Visualizing History's Biggest Crypto-Heists

The Japanese cryptocurrency exchange Coincheck had to admit having been targeted by hackers who got away with NEM coins worth half a billion dollars on Friday.

As Statista's infographic based on data by news agency Bloomberg shows, this wasn't the first such heist.

Infographic: The Biggest Crypto Heists  | Statista

You will find more statistics at Statista

In 2014, the crypto exchange Mt. Gox lost digital currency worth some 480 million dollars. The company based in Tokyo said it had probably been stolen and had to file for bankruptcy in the United States and Japan shortly after. It had been one of the leading bitcoin exchanges.

Coincheck for its part has assuaged its customers that any losses would be refunded, and further reassuring investors - sending the price of the hacked NEM surging higher - developers behind NEM created an automated tagging system to track down the funds stolen by hackers.

As CoinTelegraph reports, the NEM development team created an automated tagging system to ensure that all funds stolen from Coincheck are traced. By tagging stolen funds as tainted funds, cryptocurrency exchanges can now easily verify if stolen NEM funds are withdrawn or deposited to regulated trading platforms.


Image Courtesy of CoinTelegraph

“Hack update: NEM is creating an automated tagging system that will be ready in 24-48 hours. This automated system will follow the money and tag any account that receives tainted money. NEM has already shown exchanges how to check if an account has been tagged. So the good news is that the money that was hacked via exchanges can't leave,” said a NEM spokesperson.

During an interview, NEM Foundation vice president Jeff McDonald confirmed the development of the tagging system and the work NEM Foundation will lead in the next few weeks to prevent stolen funds from being cashed out or converted to other cryptocurrencies through trading platforms.

As of now, the hackers behind the Coincheck NEM security breach are out of options. It is not possible for the hackers to convert the stolen NEM to other major cryptocurrencies like bitcoin and Ethereum because the automated tagging system will immediately alert exchanges about the tainted funds.

Due to the sheer size of the stolen funds, it is also not likely that the hackers will go through small-scale cryptocurrency exchanges to convert or launder the stolen funds.

At this stage, the only safe option for the hackers is to hold onto the stolen NEM. Because of the technology NEM has developed in light of the recent Coincheck hack, it has become significantly difficult for the hackers to do anything with the funds. It is not possible to cash out the stolen NEM to fiat currencies like the US dollar and it is also not possible to convert the stolen funds to other cryptocurrencies.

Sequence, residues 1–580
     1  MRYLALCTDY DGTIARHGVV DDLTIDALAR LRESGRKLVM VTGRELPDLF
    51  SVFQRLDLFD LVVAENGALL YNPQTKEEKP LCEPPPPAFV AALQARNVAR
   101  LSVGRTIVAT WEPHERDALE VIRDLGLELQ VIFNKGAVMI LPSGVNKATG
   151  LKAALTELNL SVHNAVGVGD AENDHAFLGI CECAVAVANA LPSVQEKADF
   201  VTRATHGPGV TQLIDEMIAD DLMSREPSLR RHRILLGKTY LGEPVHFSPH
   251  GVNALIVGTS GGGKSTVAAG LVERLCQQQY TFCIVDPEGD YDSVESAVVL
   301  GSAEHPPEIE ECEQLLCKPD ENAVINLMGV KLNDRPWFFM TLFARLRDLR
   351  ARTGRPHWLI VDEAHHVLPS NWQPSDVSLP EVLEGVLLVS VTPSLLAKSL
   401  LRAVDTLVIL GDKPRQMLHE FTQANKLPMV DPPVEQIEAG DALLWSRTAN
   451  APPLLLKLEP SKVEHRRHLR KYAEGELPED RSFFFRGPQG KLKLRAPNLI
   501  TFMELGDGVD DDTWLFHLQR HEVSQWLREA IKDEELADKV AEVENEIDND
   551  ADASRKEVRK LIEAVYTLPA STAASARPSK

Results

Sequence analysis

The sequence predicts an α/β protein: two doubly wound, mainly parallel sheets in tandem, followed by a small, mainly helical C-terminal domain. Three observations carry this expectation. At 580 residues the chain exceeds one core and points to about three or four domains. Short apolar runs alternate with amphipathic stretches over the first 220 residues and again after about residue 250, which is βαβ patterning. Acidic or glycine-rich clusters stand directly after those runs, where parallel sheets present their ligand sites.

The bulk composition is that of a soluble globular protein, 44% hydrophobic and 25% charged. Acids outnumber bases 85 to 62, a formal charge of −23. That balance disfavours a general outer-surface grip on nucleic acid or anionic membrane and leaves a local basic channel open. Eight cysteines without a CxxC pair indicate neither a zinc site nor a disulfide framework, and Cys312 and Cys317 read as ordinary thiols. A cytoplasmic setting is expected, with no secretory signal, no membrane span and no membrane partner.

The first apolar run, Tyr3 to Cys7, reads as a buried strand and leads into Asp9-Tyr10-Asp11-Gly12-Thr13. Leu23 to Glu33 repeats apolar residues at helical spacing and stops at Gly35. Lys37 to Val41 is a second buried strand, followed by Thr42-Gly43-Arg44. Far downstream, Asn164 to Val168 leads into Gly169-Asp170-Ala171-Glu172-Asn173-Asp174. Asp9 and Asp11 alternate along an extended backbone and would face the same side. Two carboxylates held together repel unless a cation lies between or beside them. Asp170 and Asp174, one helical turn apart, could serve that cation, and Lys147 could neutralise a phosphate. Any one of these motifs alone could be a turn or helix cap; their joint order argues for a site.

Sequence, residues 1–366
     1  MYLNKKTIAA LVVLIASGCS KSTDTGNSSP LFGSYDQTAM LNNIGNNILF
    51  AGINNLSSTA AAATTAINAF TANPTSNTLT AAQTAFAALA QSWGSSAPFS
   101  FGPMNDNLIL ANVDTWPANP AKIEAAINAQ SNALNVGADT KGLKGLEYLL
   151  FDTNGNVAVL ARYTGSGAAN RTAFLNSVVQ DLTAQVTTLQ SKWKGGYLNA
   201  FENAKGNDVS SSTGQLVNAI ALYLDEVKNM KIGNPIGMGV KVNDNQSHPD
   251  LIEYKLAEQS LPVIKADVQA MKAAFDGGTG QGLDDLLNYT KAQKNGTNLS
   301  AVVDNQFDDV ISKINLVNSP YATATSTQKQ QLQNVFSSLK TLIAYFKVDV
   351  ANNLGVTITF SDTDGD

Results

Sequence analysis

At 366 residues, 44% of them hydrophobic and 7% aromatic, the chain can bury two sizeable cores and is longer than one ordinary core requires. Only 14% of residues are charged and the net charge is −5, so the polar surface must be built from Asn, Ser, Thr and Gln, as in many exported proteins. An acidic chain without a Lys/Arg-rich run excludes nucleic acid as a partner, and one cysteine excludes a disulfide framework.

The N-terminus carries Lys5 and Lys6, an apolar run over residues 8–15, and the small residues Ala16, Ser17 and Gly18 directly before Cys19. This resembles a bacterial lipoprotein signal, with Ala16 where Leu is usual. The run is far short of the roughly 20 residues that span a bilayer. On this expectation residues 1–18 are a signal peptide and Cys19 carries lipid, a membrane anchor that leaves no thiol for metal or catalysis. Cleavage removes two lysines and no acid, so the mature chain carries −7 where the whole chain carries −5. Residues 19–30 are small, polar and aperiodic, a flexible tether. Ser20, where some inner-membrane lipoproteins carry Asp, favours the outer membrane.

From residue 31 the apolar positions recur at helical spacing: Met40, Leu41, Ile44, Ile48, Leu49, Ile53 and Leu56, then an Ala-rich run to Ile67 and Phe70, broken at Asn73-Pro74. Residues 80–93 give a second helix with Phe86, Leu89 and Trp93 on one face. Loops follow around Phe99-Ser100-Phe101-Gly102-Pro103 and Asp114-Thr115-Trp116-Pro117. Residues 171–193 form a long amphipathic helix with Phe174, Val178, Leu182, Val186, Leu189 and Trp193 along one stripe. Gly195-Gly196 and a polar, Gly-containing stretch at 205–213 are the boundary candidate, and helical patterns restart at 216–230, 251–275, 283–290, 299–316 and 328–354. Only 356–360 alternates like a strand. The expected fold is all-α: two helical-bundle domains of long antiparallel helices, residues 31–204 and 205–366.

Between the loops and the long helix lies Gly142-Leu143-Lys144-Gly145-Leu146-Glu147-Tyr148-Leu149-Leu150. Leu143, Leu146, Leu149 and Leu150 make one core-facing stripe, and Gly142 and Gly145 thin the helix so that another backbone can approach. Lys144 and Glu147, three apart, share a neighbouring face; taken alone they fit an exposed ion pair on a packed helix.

NEM, its open-source development community, and the NEM Foundation did not have to develop the tagging system for the benefit of Coincheck, specifically because stolen funds on the NEM blockchain network would still have circulated around the network even if they are not recovered. But, NEM developers have done Coincheck and investors that lost millions of dollars in the hacking attack a tremendous favor by voluntarily creating a solution to a serious problem.


Surging Chaos Tue, 01/30/2018 - 00:15 Permalink

Parity was not a heist. A lot of Ethereum was lost from that disaster, but no one actually was able to claim it all.

There was a fatal bug with Parity that allowed anyone to send a call to transfer funds to a wallet that could not dispense ETH. Basically, all of the ETH is locked in an alternate dimension that everyone can see, but not touch. You could say that the Ether was sent... into the ether.

Laowei Gweilo ebworthen Tue, 01/30/2018 - 02:58 Permalink

if South Seas Co. is BTC but securitized colonization is cryptocurrencies, you could still say it's bullish ;p

while SSC was a huge loser, there were a lot of winners on betting on West Indies industry and trade hehehe Hudson's Bay issued joint-stock seventy years later after it was reaching an upwards of 18% return on capital, and they'd pay out almost 70% of all profit in dividends. Dutch East India also paid out roughly an 18% dividend yield for 17th-19th centuries.

so, you could say that joint-stock colonial investments ended up being a financial revolution for most of the 1700s and 1800s, despite the way the SSC started the 18th century =)

by the same token, the internet had company bubbles but both the technology and industry ("tech") and how it changed equity valuations/raising capital both ended up sticking around hehe

so i'd never just capital-raising colonialism, the tech sector and modern capital-raising, or cryptos on just 1 actor being a bubble =)

In reply to by ebworthen